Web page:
Space Isn’t Special When It Comes To Russia

Noted here last week was the chilling of cooperation between the U.S. and Russia in space operations.  It was not the only instance where scientific exchange and cooperation has been stalled due to tensions between the two countries over military actions in the Ukraine.  As noted during this Science Friday segment on April 4, just because the NASA action was the only one made public at the time does not mean it was the only action of its kind taken concerning scientific cooperation.

Russian media (sure, consider the source, but still) are reporting that the Department of Energy has suspended visits of Russia citizens to Department facilities.  The report appears to be based on the leak of a letter sent to Energy Department scientists, and no official communication has been released to the public or received by the Russian government.  Much like the exceptions to the NASA restrictions, activities connected to nuclear security, weapons of mass destruction, or otherwise in the U.S. national interest.  Brookhaven National Lab comes up in these reports in part due to significant Russian involvement with Lab scientists, but Russian reports suggest other facilities received similar letters.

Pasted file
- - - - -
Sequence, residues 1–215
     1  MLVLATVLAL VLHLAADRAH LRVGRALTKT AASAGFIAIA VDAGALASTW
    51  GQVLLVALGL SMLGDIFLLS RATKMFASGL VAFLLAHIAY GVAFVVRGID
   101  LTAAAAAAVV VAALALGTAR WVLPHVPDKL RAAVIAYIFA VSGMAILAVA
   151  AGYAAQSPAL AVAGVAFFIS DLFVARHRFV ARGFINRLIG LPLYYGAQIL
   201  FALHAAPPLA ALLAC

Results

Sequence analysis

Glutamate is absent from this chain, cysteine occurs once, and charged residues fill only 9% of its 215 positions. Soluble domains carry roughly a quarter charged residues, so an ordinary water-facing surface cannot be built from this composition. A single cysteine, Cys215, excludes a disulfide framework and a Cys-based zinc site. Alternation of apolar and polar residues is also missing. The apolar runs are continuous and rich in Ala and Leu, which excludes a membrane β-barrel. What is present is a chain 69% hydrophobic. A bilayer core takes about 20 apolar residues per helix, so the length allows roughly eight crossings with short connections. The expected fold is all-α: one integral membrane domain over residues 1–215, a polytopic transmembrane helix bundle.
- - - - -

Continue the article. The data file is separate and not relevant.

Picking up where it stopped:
It seems reasonable to think that other agencies have been, or will be, affected by restrictions similar to those affecting NASA and the Energy Department.  The effectiveness of such measures can be debated, but there are some possible actions that could be coming.  One is retaliatory measures by the Russian government (for instance, not even allowing cooperation on those activities excepted by U.S. policies).  The other would be Congressional involvement in international science activities.  Remember how incensed a member of Congress got over cooperation with China?


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